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Marnie – Alfred Hitchcock

Submitted by on November 8, 2010 – 10:52 pmNo Comment

Marnie continues Alfred Hitchcock’s fascination with obsessive love and aberrant psychology begun in films such as The Paradine Case (1947) and Vertigo (1958). In both earlier films Hitchcock concentrates on the hero’s obsession with a “phantom woman,” a phantom in The Paradine Case because the hero has surrounded the real woman with an aura of mystery which he chooses not to penetrate, and in Vertigo because the woman the hero loves is the clever creation of two conspirators in murder. Very little attention is paid to the psyche of the woman„for in a figurative sense she does not exist. She is but an object on which he and/or others project a personality. The film’s subjectification is all from the hero’s point of view.

Marnie, however, as the title suggests, breaks from this pattern. The “ob­ject” becomes a “subject,” a subject equal in standing to the hero. Here, for the first time, Hitchcock delves behind the mask of the cool, detached “ice-princesses” he so favored. His heroine (played so exquisitely by Hitchcock’s discovery, Tippi Hedren) throws off her cloak of mystery, and is exposed as ruthlessly as her male counterparts.

Marnie is a kleptomaniacal young woman who moves from job to job, changing identities and embezzling money as she goes. With her ill-gotten gains she supports her two overriding obsessions, her horses and her mother. Her confusion of identity is visually underlined in the very first scenes of the film in which she coolly and methodically dyes her hair, exchanges ID’s, switches clothes, and emerges with a different mask, one of many. The first real clue to the origin of this woman’s strange behavior is given during her visit to her mother Bernice Edgar (Louise Latham).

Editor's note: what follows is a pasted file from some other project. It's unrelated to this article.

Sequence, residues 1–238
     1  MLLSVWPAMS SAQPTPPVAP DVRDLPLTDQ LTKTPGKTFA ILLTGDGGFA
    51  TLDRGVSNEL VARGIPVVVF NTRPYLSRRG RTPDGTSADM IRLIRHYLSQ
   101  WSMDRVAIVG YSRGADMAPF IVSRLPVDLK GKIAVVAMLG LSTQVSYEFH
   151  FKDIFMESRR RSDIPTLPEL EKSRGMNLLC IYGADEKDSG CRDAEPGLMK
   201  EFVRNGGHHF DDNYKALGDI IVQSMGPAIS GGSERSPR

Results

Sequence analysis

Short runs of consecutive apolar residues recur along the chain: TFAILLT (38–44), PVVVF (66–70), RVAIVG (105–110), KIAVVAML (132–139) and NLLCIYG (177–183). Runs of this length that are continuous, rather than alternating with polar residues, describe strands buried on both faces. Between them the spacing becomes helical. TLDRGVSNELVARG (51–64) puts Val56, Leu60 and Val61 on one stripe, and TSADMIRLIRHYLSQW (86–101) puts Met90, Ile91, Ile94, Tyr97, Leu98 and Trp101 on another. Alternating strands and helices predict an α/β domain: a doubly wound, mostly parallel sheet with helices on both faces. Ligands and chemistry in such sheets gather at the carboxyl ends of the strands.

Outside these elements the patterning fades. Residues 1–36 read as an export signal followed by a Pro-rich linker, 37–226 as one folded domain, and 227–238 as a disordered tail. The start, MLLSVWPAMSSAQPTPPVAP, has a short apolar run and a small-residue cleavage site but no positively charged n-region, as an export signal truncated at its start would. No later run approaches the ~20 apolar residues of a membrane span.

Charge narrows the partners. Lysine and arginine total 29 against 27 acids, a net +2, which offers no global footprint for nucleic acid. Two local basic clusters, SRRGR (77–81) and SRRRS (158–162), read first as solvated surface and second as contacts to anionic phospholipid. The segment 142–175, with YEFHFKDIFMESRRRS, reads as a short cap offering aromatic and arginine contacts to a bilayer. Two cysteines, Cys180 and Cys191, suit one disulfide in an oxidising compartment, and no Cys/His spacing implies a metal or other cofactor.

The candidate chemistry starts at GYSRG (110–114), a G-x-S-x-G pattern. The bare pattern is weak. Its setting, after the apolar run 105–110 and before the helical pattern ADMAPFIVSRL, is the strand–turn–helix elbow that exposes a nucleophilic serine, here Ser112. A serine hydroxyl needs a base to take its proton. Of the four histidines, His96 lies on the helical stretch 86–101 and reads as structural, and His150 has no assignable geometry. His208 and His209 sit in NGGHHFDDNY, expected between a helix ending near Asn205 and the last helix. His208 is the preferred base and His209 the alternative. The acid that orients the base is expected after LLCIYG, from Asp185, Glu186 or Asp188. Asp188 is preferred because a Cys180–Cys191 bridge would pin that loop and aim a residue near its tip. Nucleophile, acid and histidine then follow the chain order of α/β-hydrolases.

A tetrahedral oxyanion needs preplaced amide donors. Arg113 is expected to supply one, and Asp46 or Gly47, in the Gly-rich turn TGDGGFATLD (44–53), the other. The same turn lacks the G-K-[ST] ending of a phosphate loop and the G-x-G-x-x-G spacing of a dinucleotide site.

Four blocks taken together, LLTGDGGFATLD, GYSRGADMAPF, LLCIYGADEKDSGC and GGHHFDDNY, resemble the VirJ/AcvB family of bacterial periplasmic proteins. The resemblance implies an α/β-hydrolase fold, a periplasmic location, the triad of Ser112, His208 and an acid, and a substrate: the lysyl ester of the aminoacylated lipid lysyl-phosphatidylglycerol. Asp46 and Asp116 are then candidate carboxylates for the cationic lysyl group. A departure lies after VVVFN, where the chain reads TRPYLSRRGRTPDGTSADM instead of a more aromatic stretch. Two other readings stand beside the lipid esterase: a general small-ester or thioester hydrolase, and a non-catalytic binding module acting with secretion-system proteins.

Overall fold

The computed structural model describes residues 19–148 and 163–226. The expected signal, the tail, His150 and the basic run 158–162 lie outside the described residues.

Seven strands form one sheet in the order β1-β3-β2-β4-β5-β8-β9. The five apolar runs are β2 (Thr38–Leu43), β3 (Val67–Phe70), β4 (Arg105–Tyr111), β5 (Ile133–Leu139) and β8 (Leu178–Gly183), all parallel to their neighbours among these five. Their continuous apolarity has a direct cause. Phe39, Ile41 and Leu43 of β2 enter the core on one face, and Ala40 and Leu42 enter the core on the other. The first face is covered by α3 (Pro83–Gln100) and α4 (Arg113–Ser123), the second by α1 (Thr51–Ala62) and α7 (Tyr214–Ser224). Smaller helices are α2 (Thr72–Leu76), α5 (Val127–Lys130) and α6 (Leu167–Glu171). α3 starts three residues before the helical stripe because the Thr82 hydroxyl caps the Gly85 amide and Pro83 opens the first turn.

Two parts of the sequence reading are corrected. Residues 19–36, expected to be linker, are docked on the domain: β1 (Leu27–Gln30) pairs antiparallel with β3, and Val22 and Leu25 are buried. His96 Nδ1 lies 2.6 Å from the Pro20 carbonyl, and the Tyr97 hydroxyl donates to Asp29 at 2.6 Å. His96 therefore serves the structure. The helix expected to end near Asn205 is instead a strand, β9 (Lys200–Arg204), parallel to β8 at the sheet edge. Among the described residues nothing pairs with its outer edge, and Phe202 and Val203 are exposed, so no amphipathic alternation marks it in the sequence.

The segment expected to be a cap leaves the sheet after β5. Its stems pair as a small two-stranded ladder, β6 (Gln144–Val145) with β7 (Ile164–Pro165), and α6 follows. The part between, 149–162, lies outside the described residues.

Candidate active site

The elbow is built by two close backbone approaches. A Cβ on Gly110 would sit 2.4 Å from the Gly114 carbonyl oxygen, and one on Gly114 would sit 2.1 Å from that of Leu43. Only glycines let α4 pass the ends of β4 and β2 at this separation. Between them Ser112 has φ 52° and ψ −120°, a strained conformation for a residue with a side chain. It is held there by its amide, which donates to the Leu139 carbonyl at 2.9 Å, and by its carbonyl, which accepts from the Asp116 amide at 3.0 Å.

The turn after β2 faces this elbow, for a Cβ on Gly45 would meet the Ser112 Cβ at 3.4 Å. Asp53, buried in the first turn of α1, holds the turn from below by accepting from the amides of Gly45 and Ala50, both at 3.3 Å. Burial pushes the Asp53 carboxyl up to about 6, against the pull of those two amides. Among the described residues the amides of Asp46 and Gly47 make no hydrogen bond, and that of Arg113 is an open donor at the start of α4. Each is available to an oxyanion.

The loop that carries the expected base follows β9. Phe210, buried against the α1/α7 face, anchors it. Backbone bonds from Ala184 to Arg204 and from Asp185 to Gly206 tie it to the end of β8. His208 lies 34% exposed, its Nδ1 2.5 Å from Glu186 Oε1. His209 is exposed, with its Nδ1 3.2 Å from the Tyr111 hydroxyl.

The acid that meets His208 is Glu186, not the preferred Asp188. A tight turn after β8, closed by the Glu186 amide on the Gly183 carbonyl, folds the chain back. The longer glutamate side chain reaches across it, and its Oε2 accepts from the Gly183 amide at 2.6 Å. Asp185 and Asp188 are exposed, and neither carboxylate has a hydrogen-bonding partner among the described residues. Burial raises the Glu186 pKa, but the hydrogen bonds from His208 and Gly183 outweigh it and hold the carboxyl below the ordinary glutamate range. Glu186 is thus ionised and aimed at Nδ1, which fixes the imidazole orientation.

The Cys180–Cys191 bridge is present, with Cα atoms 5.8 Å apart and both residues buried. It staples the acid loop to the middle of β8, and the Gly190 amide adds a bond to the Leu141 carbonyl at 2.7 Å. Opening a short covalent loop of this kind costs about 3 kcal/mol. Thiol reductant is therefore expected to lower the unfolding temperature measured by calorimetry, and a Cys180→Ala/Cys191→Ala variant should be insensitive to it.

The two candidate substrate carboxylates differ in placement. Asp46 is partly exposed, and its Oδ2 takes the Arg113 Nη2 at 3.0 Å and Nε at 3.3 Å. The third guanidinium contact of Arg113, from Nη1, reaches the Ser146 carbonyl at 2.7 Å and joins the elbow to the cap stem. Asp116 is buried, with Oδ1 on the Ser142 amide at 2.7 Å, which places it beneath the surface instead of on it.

Marnie’s mother is a bitter, critical woman who shows no appreciation and little affection for her doting daughter. Marnie tries to act out the role of little girl for her mother, laying her head on her lap, reverting to childish babble, only to be rejected and replaced in her mother’s affections by a neighbor’s child. The fact that her mother’s house is the key to Marnie’s psyche, the locus where reality and illusion first became confused, is emphasized by the establishing exterior shot of the house obviously on a studio street before a painted backdrop of a port with a liner moored there. The traditional sexual symbolism associated with ships, ports, and the sea are noteworthy, especially as the understanding of Marnie’s problems is rendered more and more in strict Freudian terms as the film progresses.

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